Identify Components of Cash Flow Statements

T1. Identify the components needed in cash flow statements.

A cash flow statement will consist of components of organizational expenditures resulting in discovering an organizations outgoing and incoming cash activity. The statement enables an organization to maintain a record of viable, tangible and liquid assets. The components include the following key elements such as;

? Operating (functional activities)-

o Net Income

o Depreciation (sources of non-cash revenue and expense items) Any identifiable depreciation expenses must be added to net income.

o Losses (losses must be added in accordance with the flow of the aforementioned income flow.

o Gains (subtract any recordable gains-cash proceeds that were a direct relation to the proceeds from any type of sales transaction. For example, most non-profit organizations may record monetary gains as a result of proceeds from fundraising activities or charitable cash donations.

Once this segment has been accurately accounted for in terms of ensuring that all the income from an organization's day-to-day operations are inclusive in the report, the income statement must be carefully evaluated for any minor or major changes. This is where the financial accountant assesses the organizations current assets and liabilities from the income statement. The goal is to determine how the organization did within a given period i.e. quarterly, biannually, or annually. This section records the ups and downs of a business based on the organizations income flow and outflow. Depending on what your current assessment of income and expenditures will determine whether to add or subtract monetary gains and losses accordingly. The income from operating expenses will inform business owners as to how much money was generated within a specific period of time.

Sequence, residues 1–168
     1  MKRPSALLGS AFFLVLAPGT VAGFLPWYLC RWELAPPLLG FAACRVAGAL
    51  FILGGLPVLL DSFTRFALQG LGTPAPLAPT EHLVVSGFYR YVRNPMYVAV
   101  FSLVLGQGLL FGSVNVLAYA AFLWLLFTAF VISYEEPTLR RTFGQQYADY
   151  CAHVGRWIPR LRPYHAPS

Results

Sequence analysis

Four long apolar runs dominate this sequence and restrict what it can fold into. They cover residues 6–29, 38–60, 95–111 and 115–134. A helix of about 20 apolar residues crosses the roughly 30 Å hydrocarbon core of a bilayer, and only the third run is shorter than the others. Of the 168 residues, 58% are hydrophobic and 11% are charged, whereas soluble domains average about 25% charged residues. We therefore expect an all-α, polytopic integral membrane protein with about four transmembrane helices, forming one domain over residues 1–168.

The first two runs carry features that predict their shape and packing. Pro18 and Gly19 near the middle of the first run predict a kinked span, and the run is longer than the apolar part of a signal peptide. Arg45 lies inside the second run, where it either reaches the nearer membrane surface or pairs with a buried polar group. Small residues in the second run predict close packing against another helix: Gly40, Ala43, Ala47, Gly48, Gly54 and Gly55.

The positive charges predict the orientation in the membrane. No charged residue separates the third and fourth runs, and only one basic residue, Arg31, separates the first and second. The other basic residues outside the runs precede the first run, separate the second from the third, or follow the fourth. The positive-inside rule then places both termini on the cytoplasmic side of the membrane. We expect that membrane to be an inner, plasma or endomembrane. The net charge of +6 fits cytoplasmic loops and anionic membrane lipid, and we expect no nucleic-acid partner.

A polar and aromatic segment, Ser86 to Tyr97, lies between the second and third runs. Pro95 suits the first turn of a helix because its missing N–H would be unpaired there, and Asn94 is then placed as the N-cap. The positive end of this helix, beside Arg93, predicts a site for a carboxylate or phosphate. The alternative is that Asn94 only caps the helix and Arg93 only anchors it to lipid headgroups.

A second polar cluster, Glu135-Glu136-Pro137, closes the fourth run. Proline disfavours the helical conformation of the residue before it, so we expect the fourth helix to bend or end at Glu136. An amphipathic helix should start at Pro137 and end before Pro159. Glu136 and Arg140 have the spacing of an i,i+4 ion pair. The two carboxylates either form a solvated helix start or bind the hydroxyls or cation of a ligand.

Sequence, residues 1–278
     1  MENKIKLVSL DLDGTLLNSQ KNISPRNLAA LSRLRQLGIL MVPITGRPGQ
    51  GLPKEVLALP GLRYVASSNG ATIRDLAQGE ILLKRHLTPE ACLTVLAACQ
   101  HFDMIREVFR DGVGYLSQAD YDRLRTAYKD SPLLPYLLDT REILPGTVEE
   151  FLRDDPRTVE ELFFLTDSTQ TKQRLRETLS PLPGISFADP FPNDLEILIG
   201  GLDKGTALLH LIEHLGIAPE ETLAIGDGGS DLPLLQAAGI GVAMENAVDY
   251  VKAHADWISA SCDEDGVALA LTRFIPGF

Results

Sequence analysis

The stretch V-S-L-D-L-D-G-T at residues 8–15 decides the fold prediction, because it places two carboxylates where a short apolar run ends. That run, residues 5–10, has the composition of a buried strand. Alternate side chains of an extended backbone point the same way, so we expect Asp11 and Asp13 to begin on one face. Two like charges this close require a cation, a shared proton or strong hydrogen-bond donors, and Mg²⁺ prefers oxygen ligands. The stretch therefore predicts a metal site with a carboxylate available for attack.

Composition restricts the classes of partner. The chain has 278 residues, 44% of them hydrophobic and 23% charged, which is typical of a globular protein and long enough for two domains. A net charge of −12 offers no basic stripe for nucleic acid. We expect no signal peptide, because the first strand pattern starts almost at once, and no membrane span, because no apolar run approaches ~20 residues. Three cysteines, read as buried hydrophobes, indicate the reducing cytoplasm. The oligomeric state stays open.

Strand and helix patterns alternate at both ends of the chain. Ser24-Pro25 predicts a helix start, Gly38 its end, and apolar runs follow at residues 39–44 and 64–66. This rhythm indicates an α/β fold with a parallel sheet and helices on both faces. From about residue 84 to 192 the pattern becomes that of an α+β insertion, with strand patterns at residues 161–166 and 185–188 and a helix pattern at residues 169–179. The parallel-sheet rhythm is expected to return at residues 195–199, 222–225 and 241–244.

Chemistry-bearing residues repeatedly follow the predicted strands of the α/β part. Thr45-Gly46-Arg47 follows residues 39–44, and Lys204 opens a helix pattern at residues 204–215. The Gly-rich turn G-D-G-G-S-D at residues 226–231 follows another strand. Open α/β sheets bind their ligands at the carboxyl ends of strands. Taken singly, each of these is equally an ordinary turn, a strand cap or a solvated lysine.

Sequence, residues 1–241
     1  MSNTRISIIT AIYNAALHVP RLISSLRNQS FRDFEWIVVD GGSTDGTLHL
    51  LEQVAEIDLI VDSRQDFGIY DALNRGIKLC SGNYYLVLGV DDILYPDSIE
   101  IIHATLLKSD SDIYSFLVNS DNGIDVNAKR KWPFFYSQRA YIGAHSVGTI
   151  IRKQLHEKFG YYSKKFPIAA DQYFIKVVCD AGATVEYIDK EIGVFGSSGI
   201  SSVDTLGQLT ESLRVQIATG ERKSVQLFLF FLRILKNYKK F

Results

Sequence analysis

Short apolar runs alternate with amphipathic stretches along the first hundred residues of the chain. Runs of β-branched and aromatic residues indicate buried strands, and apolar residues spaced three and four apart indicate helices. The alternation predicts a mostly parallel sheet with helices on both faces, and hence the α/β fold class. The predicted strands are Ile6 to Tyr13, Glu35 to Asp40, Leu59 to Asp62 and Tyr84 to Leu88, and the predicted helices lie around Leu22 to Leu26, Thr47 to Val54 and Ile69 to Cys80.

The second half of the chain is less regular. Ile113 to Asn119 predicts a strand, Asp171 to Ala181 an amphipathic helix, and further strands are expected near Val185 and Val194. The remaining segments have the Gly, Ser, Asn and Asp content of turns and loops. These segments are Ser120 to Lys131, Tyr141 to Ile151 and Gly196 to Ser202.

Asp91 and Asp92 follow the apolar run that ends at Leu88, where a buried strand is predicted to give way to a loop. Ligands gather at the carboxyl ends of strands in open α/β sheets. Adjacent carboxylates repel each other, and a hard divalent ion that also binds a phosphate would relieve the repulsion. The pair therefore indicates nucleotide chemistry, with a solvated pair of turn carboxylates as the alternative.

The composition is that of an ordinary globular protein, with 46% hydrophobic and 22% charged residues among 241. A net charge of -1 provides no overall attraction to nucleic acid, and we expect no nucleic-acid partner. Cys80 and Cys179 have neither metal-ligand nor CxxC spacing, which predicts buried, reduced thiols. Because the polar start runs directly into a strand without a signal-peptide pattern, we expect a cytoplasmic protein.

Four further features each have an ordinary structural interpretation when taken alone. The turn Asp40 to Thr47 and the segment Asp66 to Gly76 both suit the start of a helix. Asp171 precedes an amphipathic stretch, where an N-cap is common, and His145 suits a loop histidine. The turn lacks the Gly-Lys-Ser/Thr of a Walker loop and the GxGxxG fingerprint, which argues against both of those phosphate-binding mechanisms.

? Investing (Outflows of expenditures and applicable returns on short-term and long-term investments)-

o This section of the cash flow analysis represents a comprehensive evaluation as to the fluctuation of non-current assets. The overview is to determine the outcome of the investment, such as; did the investment bring forth additional income? If so, how much? Or how much income went out as a result of the investment? Non-current investments represent any type of long-term investments stemming from buying and selling transactions that represents a profit and loss margin from the specified transaction. Non-current assets will either increase or deplete revenue.

? Financing activities (revolving door assets/liabilities)-

o Evaluation of changes in long-term liabilities such as long- term debt, for example, students who borrow government funds to attend educational institutions borrow money against their future in which case money comes in, however, when the student is in the repayment stages of the loan, money goes out. During this stage of cash flow, an accountant will assess the changes of any type of financial increases or decreases incurred through this particular business transaction. Aside from changes within long-term debt, an accountant will also need to evaluate the changes within the Stockholders Equity Account for both entities mentioned the decision to add or subtract will depend on the organizations current financial findings, for example was there a record of cash dividends for the current quarter? Is there evidence of stocks being bought or sold within the current quarter?

? Implementation of any non-cash changes